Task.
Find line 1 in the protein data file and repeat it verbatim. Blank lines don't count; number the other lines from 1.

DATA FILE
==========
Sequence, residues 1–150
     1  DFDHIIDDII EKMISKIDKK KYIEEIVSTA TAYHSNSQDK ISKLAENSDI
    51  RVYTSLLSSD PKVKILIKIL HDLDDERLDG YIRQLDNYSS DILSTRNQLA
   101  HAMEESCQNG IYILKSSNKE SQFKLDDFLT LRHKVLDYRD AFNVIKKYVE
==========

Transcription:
Sequence, residues 1–150